Brig. Gen. Thomas W. Hartmann, legal adviser to the U.S. military tribunal system, said charges are being sworn against Abd al-Rahim al-Nashiri, a Saudi of Yemeni descent, who has been held at the military prison in Guantanamo Bay, Cuba, since 2006.
The charges still must be approved by a Defense Department official who oversees military tribunals set up for terrorism suspects.
Hartmann said the allegations include conspiracy to violate laws of war, murder, treachery, terrorism, destruction of property and intentionally causing serious bodily injury.
Seventeen American sailors were killed when the Norfolk, Va.-based Navy destroyer was attacked in the Yemeni port of Aden as it refueled.
Al-Nashiri told a hearing at Guantanamo Bay last year that he confessed to helping plot the bombing only because he was tortured by U.S. interrogators.
CIA Director Michael Hayden said early this year that al-Nashiri was among terrorist suspects subjected to waterboarding in 2002 and 2003 while being interrogated in secret CIA prisons.
Asked at a Pentagon press conference how a trial could go forward under those circumstances, Hartmann said all evidence - including the issue of torture or abuse - would be before the tribunal.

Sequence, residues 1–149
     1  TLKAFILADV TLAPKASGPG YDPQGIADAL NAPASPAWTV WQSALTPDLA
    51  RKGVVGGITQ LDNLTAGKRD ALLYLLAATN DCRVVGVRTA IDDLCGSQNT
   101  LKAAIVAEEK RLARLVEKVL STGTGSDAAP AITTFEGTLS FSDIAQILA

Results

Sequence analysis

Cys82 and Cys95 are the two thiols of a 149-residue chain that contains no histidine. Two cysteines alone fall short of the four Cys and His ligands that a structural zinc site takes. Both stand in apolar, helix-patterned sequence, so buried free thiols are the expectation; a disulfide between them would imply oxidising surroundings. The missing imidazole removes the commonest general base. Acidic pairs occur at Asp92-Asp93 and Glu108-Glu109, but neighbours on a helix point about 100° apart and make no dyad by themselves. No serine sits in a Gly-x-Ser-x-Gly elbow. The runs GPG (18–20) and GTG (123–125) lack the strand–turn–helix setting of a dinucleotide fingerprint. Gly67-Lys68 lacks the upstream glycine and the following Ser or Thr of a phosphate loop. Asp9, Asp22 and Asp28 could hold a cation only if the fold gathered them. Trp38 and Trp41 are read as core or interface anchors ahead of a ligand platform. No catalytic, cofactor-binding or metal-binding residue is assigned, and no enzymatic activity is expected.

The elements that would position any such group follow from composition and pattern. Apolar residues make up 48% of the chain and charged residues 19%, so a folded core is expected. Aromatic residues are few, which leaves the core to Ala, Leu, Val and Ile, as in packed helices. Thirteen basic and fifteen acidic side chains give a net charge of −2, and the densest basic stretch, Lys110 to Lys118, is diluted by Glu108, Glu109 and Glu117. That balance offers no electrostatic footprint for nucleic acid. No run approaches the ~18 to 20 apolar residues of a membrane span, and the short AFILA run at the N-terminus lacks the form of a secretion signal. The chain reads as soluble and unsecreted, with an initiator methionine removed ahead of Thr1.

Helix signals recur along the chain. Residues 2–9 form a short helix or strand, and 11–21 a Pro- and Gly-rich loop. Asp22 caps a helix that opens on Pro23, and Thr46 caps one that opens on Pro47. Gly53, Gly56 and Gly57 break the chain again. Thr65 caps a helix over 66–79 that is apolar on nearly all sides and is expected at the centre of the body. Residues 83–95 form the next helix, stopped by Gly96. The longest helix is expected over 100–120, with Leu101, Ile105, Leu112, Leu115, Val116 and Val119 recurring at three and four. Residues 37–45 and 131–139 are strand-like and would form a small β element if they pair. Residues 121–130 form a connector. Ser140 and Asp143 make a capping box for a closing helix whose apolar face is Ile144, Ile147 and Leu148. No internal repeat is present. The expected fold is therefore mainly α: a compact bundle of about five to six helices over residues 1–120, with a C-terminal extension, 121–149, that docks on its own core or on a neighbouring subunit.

Last October, Yemen set free one of the al Qaeda masterminds of the attack. Jamal al-Badawi, who is wanted by the FBI, was convicted in 2004 of plotting, preparing and helping carry out the USS Cole bombing and received a death sentence that was commuted to 15 years in prison.
Al-Badawi had escaped prison once before with nine other suspects of the attack on the Norfolk-based Cole in April 2003, but was rearrested.
Al Qaeda used to have an active presence in Yemen, the ancestral home of Osama bin Laden. The group was blamed for the bombing of the Cole and the attack on a French oil tanker that killed one person two years later.